Potato-Cheese Pierogi

December  3, 2018
14 Ratings
Photo by Rocky Luten
Author Notes

Gently browned in melted butter and slathered in sour cream, these pierogi are simple yet deeply satisfying. The recipe yields 55 dumplings, but don't worry if you aren't feeding a crowd—they'll keep nicely in your freezer (just freeze them first on a cookie sheet, then transfer to a freezer bag). Serve with caramelized onions, sautéed Brussels sprouts, or cabbage and apples. —Suzanne D'Amato

  • Prep time 2 hours 30 minutes
  • Cook time 30 minutes
  • Makes approximately 55 pierogi
  • 2 1/2 pounds potatoes
  • 1 tablespoon butter
  • 1/4 whole onion, chopped
  • 4 ounces farmer's cheese
  • Salt and pepper, to taste
  • 2 cups whole milk
  • 5 1/2 cups all-purpose flour
  • 1 1/2 tablespoons sour cream
  • 1/2 stick melted butter
  • 2 egg yolks
  • 1 teaspoon sugar
In This Recipe
  1. Start with the filling: Peel potatoes and roughly chop into 1-inch pieces. Place in a medium-sized pot, cover with water and bring to a boil. Lower heat to a simmer and cook until fork-tender, about 10 to 15 minutes.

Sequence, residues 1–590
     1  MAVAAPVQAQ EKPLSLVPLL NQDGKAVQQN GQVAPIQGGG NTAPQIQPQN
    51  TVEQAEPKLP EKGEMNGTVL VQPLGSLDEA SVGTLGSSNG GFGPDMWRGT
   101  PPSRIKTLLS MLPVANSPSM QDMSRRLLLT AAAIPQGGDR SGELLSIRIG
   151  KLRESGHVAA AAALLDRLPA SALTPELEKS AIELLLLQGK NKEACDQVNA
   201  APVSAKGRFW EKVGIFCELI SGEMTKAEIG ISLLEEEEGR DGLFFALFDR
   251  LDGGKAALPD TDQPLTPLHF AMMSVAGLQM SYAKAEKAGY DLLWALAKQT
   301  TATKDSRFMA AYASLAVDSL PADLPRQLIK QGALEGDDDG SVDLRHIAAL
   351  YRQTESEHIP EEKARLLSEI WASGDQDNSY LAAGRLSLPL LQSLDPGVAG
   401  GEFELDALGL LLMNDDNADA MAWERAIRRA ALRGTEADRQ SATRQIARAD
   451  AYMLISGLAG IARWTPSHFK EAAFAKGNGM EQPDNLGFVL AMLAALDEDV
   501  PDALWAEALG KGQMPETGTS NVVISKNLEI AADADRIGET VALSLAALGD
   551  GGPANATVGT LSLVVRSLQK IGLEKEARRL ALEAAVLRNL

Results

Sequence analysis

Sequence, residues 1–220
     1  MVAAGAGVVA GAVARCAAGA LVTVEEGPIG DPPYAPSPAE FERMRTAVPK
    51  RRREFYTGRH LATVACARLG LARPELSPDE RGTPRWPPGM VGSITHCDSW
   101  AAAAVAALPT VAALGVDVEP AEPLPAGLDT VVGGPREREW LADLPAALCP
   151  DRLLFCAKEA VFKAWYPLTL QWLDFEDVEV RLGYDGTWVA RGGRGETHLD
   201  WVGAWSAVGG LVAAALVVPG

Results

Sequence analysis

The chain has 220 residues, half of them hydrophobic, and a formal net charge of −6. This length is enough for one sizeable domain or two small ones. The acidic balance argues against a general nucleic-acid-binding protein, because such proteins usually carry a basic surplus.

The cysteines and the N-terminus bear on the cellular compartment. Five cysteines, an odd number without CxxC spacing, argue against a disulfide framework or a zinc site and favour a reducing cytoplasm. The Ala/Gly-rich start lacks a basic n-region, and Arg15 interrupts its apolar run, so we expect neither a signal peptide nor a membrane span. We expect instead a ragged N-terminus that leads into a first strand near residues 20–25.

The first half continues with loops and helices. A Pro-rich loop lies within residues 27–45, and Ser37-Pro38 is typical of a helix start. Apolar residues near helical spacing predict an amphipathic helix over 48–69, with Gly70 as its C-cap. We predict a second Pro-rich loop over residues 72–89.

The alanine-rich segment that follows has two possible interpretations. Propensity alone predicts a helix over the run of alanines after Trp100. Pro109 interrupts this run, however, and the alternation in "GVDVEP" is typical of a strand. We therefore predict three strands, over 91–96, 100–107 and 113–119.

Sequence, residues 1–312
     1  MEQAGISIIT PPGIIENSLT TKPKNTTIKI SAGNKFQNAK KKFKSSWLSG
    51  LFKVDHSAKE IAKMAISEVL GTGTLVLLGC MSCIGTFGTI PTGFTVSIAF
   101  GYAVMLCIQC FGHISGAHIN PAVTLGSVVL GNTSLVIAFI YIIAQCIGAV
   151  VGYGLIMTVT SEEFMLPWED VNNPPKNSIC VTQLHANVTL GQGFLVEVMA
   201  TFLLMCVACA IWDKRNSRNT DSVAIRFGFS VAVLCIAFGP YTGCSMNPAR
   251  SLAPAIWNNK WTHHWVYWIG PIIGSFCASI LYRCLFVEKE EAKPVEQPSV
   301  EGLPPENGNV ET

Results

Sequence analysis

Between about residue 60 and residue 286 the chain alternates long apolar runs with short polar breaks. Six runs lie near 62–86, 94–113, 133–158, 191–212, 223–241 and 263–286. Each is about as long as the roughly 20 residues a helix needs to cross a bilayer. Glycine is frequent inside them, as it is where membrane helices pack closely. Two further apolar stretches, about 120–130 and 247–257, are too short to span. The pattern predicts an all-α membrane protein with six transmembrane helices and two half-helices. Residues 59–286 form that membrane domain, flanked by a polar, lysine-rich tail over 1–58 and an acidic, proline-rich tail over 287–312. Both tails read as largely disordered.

2. While potatoes are cooking, heat 1 tablespoon butter in a saucepan over medium, add the chopped onion and cook until golden brown, about 4 to 5 minutes.
  3. Once potatoes are cooked, drain them and mash until smooth. Add farmer’s cheese, onions and 1 pinch each salt and pepper. Mix well, taste, and add more seasonings and cheese if necessary. Set the filling aside while you make the dough.
  4. To make the dough, heat the milk until it’s hot but not scalding. In a large mixing bowl, combine the flour, hot milk, sour cream, melted butter, egg yolks, sugar and 1/2 teaspoon salt. Knead until the mixture forms a smooth ball, then cover and let dough rest for 20 minutes. Flour a cutting board or other surface, then use a rolling pin to roll out the dough until it’s 1/8-inch thick. Cut circles using a biscuit cutter or a floured glass.
  5. Place about 1 1/2 teaspoons of the potato-cheese filling in the middle of each circle. Wet one half of the circle and then seal the edges together. You can crimp the edges with a fork, or not. If you end up with extra filling, you can serve it the way you would mashed potatoes, or make potato pancakes.
  6. To cook, boil a large pot of salted water. Add in the pierogi, 8 at a time. Once they float to the surface, let them cook for one more minute. Take them out with a slotted spoon and place them on a plate.
  7. If you want to fry them after they are boiled, put an extra tablespoon of butter in a saucepan and cook them for a few minutes on each side until they’re golden brown. Serve with sour cream and additional melted butter.

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